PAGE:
For more details about the contributions caps, visit ato.gov.au and search ‘super contributions’.


Whether you’ve just found some lost super or have multiple accounts with different providers, combining all your super into one account could mean you can stop paying multiple account keeping fees.

 

You can transfer money from your other super accounts into your BT Super account at any time using BT’s easy rollover tool.

 

Before moving your super, you should check with your other fund(s) to check if there are any exit fees for moving your benefit, or other loss of benefits such as insurance cover.


Depending on how much you’re earning, and subject to other eligibility criteria, the Government may make contributions into your super account. These contributions include:

  • the Government co-contribution, which is paid to eligible individuals who make an after-tax contribution to super and
  • the low income superannuation tax offset, which is paid to eligible individuals who receive a before-tax contribution, such as an employer contribution into their super.

 

For more information about these Government contributions, including eligibility requirements, visit ato.gov.au.


If you qualify, you may contribute certain proceeds from the disposal of small business assets to your super and have these contributions counted against the CGT cap rather than your non-concessional contributions cap. You should seek professional tax advice about whether your proposed contributions qualify under these rules.

 

Once you’re satisfied that the contribution will qualify under the rules, The contribution must be made no later than the day you’re required to lodge your tax return for the financial year in which the Capital Gains Tax (CGT) event occurred or 30 days after the day you received the capital proceeds, whichever is later. If the capital proceeds are received and contributed in instalments, each instalment is considered a separate contribution and must be made within the above timeframe.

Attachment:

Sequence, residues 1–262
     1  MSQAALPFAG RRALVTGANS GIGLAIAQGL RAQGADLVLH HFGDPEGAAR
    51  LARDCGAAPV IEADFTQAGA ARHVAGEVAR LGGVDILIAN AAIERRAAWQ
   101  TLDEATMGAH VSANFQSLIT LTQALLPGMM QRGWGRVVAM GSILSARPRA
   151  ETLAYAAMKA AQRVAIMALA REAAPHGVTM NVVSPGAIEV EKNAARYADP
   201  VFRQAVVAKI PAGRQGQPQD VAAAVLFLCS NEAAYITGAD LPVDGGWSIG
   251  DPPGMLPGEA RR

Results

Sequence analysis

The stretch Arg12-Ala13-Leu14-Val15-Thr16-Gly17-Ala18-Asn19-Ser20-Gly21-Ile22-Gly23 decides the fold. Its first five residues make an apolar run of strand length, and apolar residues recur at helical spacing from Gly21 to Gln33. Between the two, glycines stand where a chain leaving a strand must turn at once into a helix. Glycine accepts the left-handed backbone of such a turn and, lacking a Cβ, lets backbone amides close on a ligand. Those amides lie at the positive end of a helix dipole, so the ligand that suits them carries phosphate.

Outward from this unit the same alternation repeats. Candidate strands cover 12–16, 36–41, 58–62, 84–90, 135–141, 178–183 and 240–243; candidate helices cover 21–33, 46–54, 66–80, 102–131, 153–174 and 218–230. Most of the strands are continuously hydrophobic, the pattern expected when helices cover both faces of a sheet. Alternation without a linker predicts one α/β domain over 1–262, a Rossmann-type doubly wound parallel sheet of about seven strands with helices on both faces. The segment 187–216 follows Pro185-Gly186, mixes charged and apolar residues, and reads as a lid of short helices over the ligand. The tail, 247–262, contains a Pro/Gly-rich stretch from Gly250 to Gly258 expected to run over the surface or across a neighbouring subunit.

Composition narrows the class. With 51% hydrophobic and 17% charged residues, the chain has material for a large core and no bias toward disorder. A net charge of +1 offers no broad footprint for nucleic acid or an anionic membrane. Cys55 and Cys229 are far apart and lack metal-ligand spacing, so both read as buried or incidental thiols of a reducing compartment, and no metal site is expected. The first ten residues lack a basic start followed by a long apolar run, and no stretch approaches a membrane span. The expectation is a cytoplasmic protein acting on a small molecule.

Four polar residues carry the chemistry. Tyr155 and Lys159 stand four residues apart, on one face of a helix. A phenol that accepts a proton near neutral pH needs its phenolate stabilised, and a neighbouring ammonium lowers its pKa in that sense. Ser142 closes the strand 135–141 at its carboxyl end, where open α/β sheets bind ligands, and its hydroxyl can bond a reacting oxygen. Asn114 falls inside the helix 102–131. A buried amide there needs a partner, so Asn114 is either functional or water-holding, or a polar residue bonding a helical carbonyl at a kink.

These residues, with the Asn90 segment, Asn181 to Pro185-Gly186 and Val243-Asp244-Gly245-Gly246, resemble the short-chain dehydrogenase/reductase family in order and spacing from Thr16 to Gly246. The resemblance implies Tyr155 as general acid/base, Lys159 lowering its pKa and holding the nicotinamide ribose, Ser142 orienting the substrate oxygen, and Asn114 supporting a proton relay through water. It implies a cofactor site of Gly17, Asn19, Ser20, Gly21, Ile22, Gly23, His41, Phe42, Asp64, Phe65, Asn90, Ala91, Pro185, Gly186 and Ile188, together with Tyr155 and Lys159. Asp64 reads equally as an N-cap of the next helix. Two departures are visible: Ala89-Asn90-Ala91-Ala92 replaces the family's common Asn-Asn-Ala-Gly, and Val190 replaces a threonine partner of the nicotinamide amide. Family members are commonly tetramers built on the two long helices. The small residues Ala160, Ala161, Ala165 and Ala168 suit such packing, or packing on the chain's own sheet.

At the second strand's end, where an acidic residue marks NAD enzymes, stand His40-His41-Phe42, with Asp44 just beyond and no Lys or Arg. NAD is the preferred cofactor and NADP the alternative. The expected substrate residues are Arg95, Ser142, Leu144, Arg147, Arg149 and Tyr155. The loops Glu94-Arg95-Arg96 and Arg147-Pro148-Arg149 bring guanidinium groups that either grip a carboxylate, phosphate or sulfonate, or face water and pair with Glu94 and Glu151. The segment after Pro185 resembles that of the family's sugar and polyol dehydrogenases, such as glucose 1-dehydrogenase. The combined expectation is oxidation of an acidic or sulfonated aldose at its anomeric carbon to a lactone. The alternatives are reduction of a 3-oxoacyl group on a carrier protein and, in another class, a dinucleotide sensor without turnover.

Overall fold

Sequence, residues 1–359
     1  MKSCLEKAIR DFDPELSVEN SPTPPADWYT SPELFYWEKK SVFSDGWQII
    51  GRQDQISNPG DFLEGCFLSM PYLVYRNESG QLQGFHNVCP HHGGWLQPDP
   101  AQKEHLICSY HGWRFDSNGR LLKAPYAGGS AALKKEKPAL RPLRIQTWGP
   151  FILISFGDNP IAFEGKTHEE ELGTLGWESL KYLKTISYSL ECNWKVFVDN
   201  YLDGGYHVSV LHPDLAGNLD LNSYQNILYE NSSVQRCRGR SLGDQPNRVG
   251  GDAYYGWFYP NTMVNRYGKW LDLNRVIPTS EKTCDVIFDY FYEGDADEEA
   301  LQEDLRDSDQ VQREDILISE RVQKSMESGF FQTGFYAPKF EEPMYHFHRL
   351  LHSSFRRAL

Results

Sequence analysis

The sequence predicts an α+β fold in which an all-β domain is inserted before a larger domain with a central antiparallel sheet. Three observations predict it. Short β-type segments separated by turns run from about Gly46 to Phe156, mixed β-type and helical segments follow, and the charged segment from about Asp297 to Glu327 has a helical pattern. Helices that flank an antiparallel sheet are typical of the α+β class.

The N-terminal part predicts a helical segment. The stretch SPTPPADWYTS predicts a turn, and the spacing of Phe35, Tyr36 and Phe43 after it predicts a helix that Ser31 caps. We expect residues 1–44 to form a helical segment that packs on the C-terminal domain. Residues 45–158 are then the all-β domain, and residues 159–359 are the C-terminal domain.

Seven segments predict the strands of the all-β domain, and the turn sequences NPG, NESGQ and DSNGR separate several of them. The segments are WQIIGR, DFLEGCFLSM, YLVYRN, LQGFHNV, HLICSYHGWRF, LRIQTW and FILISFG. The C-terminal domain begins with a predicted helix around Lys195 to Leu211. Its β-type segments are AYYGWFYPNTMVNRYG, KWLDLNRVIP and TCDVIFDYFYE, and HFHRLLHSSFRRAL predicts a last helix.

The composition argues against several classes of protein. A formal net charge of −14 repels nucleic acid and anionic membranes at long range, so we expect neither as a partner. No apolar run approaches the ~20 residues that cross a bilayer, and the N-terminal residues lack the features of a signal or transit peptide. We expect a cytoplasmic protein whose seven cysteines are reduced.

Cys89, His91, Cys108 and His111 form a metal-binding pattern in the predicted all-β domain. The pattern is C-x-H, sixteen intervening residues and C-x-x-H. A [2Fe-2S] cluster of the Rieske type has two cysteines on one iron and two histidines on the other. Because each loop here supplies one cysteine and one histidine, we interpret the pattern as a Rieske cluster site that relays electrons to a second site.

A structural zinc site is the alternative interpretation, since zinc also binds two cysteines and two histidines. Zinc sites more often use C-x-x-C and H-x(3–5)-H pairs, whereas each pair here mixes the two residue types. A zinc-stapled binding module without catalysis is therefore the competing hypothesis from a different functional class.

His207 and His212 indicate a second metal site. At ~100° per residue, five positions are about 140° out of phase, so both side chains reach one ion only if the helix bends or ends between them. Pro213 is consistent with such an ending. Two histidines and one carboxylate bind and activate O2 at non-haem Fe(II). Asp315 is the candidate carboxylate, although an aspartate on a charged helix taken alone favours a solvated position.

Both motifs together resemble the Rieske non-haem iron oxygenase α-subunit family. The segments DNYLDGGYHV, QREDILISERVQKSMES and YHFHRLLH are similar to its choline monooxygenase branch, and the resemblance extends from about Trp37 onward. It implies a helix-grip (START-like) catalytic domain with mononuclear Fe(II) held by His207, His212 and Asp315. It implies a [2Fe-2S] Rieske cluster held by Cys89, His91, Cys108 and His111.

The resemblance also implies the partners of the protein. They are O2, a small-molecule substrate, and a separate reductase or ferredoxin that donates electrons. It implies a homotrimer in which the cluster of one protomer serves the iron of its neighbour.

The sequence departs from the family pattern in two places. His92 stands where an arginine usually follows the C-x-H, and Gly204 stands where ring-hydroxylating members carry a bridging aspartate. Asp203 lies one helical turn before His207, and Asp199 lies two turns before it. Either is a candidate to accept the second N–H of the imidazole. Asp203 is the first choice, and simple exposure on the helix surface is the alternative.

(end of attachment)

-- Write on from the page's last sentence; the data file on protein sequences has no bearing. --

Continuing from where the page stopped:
When you make the contribution, you need to let us know that you’re electing to use the CGT cap for all or part of the contribution by giving us a completed Capital gains tax election form (available from ato.gov.au).


You may be able to contribute to your super amounts from certain personal injury payments, and have these contributions excluded from the contribution caps. The personal injury payment must be in the form of a structured settlement, an order for a personal injury payment or a lump-sum workers compensation payment. In addition, two legally qualified medical practitioners must certify that as a result of the injury, you’re unlikely to ever be able to be gainfully employed in a capacity for which you’re reasonably qualified. You should need to seek professional advice about whether your proposed contributions qualify under these rules.

 

Once you’re satisfied that the contribution will qualify under the rules, the contribution must be made within 90 days of the payment being received or the structured settlement or order coming into effect, whichever is later. You must notify us at the time of making the contribution that is to be excluded from the caps by providing a completed Contributions for personal injury election form (available from ato.gov.au).

From 1 July 2017, anyone who is eligible to contribute to super is eligible to claim a deduction for personal contributions. Note that in order to claim a deduction for personal contribution, you must lodge the appropriate form with your super fund. Contact your fund for the form and information about when the form must be lodged.

 

Personal deductible contributions are only taxed at 15% (up to certain limits). So if your marginal income tax rate is higher than 15%, salary sacrificing could be a great way to build your super balance and significantly reduce the tax you pay at the same time.

 

Personal deductible contributions count towards your concessional contributions cap, as do any super contributions made for you by your employer. It’s important to take care not to exceed your contributions caps as contributions above these caps may be subject to additional taxes and charges. 

 

For more details about the contributions caps, visit ato.gov.au and search ‘super contributions’.

BT's Retirement Income Calculator

Explore small changes that can make a difference in retirement

Start now

Boost your super

Learn how to build your super

Read now

Speak to a BT Consultant

If you have any questions about your super.

Call us on 132 135